Dr. Sher Hendrickson, associate professor of biology, has initiated and is leading the Andean Condor Genome Project as part of the effort to save the endangered bird from extinction.
Among the groups involved in the project are the Andean Condor Conservation Program (Programa Conservación Cóndor Andino, or PCCA), which was founded in Argentina in the 1990s, and the San Diego Zoo’s Frozen Zoo. Hendrickson said the genome could provide clues to how the condor adapts to its environment, which could help scientists devise strategies to save the species.
“Condors live at high altitudes, in hypoxic conditions. They are the largest flying bird, with a 10-foot wing span, and are scavengers,” Hendrickson said. “That lifestyle is going to affect things like metabolic and reproductive rates. Once we have the genome we can start looking at some of these biological stories. We will also look at how birds that have been bred in captivity and introduced into the wild have contributed to the genetics in the wild populations.”
The geographic range of the Andean condor stretches along the western mountains, beaches, and deserts of Venezuela, Colombia, Ecuador, Peru, Chile, Bolivia, and Argentina to the Tierra del Fuego. Hendrickson’s interest in the giant raptor started with her Ph.D. dissertation in the mid-1990s while getting her degree in evolutionary biology and genetics. Hendrickson worked with the Andean Condor Conservation Program, which was started at the now-defunct Buenos Aries Zoo. Scientists there developed an incubation program and techniques for puppet-rearing birds to avoid human imprinting so they could be released into the wild. They also rescued and rehabilitated wild condors. The PCCA wanted to know whether there were genetic differences between birds from various areas of the geographic range which could influence how successful reintroduction would be at saving geographically distant populations.
“I was looking at whether condors in the northern part of the Andes were genetically the same as those in the southern part of the Andes,” Hendrickson said. “Whether, for example, a bird that was Argentinian and raised in the zoo could contribute to the population in Venezuela, or whether it would be a problem because it’s genetically different.”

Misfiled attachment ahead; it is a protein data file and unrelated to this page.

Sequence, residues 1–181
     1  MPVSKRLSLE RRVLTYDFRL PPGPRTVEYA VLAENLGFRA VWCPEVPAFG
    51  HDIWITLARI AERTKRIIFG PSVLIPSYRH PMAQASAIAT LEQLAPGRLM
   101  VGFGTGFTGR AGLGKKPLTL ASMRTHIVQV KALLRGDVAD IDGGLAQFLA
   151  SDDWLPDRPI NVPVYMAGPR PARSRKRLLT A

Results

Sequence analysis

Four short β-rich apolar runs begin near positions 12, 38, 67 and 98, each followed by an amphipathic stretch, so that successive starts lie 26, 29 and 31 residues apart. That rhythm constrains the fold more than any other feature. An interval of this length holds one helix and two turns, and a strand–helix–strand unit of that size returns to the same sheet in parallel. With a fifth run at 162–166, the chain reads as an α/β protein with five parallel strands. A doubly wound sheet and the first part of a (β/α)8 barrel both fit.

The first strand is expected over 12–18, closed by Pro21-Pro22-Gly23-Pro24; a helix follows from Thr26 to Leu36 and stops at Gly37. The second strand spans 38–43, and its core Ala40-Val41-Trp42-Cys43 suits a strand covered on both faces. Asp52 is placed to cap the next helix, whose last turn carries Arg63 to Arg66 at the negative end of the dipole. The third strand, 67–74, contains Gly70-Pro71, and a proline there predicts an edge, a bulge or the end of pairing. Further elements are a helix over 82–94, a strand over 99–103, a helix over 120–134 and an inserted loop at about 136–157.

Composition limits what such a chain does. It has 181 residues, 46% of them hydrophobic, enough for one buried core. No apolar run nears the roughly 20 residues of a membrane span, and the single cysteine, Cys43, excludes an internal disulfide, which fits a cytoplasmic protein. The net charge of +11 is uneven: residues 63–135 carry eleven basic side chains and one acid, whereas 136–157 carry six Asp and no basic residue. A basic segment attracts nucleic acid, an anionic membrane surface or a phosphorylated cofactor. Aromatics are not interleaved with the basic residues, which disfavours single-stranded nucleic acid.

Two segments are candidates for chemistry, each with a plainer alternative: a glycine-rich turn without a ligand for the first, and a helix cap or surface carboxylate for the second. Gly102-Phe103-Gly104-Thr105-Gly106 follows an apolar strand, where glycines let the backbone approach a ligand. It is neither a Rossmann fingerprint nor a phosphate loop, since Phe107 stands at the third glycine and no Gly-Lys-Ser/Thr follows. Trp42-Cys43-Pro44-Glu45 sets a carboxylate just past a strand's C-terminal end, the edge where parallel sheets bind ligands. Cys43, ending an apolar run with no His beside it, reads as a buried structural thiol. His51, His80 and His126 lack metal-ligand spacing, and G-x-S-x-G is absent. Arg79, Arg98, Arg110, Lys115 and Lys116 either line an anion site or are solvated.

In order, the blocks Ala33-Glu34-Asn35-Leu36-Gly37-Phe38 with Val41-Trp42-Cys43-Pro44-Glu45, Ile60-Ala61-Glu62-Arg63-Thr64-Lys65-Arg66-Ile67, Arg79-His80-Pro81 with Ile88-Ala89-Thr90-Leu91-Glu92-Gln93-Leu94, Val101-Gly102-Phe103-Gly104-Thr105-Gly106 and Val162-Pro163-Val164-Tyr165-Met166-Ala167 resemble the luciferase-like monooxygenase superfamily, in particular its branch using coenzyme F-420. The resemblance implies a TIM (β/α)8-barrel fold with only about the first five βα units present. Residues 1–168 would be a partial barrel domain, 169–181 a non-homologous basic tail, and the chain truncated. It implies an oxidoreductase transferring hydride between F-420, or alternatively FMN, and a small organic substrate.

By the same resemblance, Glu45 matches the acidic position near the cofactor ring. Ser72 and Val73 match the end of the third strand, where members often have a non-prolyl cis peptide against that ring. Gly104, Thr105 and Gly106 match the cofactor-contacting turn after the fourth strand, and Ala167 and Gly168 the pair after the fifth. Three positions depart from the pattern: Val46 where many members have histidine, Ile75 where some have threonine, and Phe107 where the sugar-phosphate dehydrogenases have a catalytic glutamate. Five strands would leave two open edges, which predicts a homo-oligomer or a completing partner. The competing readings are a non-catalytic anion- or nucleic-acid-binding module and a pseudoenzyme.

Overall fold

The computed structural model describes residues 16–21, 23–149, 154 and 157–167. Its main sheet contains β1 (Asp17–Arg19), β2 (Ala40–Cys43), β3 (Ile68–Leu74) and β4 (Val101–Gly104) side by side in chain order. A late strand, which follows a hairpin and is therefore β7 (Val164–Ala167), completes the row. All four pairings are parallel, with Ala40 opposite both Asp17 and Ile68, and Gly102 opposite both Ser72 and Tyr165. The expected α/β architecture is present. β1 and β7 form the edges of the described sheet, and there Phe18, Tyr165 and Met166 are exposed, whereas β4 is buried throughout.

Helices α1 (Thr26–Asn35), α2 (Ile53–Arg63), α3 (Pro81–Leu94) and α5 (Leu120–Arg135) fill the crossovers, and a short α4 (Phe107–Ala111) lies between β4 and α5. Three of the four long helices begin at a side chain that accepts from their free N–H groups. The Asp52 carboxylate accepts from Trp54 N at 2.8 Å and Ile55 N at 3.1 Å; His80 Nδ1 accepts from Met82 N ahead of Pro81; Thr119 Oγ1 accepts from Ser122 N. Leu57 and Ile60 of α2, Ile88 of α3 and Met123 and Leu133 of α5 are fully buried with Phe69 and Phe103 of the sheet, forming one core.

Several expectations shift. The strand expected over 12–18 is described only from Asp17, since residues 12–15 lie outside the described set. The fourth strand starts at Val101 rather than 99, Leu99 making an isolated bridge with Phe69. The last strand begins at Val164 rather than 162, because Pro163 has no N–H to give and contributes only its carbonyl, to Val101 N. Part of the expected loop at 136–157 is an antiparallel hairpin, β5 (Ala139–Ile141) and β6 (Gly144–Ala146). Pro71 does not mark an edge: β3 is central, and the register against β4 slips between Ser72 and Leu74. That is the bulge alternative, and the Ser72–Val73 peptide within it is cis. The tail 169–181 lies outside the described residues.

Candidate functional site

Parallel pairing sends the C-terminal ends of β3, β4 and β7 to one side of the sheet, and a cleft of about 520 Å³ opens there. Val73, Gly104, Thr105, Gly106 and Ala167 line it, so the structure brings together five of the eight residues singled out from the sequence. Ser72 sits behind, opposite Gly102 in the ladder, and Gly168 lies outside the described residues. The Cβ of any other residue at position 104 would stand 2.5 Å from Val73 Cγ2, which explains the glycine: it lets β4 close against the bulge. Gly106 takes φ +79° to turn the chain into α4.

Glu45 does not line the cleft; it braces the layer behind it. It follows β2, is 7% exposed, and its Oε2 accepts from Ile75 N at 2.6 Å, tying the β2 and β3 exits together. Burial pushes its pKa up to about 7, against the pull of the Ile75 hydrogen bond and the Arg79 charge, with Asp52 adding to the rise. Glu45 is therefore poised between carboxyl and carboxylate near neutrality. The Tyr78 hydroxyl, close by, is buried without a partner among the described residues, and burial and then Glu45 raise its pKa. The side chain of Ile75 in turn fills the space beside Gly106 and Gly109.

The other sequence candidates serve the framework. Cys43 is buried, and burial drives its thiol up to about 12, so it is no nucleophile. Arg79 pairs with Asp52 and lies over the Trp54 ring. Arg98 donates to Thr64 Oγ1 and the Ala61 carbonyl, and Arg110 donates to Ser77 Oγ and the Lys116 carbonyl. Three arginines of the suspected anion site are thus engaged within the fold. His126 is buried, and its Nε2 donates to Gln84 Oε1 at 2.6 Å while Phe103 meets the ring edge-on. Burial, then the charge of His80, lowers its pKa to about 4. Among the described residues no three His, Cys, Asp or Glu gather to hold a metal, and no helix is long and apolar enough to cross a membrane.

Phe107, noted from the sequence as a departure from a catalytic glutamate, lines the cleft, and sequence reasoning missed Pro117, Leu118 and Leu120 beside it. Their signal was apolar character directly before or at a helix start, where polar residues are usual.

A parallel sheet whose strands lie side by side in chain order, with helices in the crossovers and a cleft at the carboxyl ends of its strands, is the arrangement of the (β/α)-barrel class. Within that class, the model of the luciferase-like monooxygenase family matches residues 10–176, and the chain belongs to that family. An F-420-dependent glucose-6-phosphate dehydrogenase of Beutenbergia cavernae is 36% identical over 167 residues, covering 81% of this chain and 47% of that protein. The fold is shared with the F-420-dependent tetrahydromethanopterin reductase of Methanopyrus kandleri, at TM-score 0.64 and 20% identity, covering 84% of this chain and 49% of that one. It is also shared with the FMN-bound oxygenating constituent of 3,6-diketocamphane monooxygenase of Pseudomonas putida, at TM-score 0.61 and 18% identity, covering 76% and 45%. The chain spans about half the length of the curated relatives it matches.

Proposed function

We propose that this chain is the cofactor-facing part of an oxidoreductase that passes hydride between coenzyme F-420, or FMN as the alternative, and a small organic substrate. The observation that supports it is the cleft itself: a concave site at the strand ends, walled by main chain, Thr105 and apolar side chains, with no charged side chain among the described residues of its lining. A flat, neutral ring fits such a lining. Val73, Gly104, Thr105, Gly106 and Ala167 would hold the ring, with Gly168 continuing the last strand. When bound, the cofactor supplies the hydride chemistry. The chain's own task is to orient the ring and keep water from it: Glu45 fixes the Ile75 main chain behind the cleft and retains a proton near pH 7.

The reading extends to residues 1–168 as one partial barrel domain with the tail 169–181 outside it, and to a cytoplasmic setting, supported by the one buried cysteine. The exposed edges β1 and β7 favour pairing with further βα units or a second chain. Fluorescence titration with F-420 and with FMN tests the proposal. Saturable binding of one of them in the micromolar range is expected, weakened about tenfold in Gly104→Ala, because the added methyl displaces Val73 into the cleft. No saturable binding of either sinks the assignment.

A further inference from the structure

Hendrickson’s research took place before the Human Genome Project was completed in 2003 and her study found there was no genetic variation in the few genes she looked at, but she thought that was due to evolution and natural selection. With the advancements made in genomics in the past 16 years in which whole genomes can be sequenced, Hendrickson sees new opportunity to revisit the questions she attempted to answer in the 1990s.
“In the ’90s we had a single gene approach. Now we are able to assemble genomes that aren’t human,” Hendrickson said. “We have a lot of people working on non-humans who are just starting to figure out how to find genes in the genome that are really important for species survival. Conservation genomics is a brand-new field.”
In light of the scientific advances that have been made, Hendrickson suggested starting the condor research again and taking an entirely new approach—beginning with mapping the Andean condor genome. Hendrickson’s Laboratory of Genomic Diversity at Shepherd holds about 100 Andean condor samples that she collected during her previous research. She has been coordinating with the Andean Condor Conservation Project in Buenos Aires, where scientists are collecting samples from across the Andes, and the San Diego Frozen Zoo to begin the process of sequencing the Andean condor genome. Hendrickson sees a role for Shepherd research students as the project moves forward and she’ll have students in her fall Genomics and Bioinformatics class work with the new data.
“I can give the students raw, genetic data from the genome of an Andean condor to assemble,” she said. “There’s not a reference sequence because no condor has been done, so we have to build a de novo genome computationally.”
Hendrickson is excited to be working on the Andean condor project again and believes saving the bird is vitally important because of its role in the culture of the region as a national symbol for all the countries it inhabits.
“This has made me very happy because that work was incredibly important to me,” she said. “I’m passionate about it because this species is both fantastic and bizarre. Andean condors don’t mature until they’re seven and they’re sometimes called the primates of the bird world because they have a strong social hierarchy. At a carcass or in a roost, adults have higher importance than the young, and there are sexual differences in the rank as well. In the breeding season, adults hold territories, however the juveniles are allowed to move through them. They appear to be communicating with plumage coloration, postures, and those bare faces.”
One of the places doing the most advanced work in conservation genomics is the Center for Conservation Genomics at the Smithsonian’s National Zoo and Conservation Biology Institute. Hendrickson was recently named a research associate in the labs of Dr. Rob Fleischer, senior scientist and head of the Center for Conservation and Evolutionary Genetics at Smithsonian’s Conservation Biology Institute (SCBI), a position she expects will help as she moves forward with the condor research.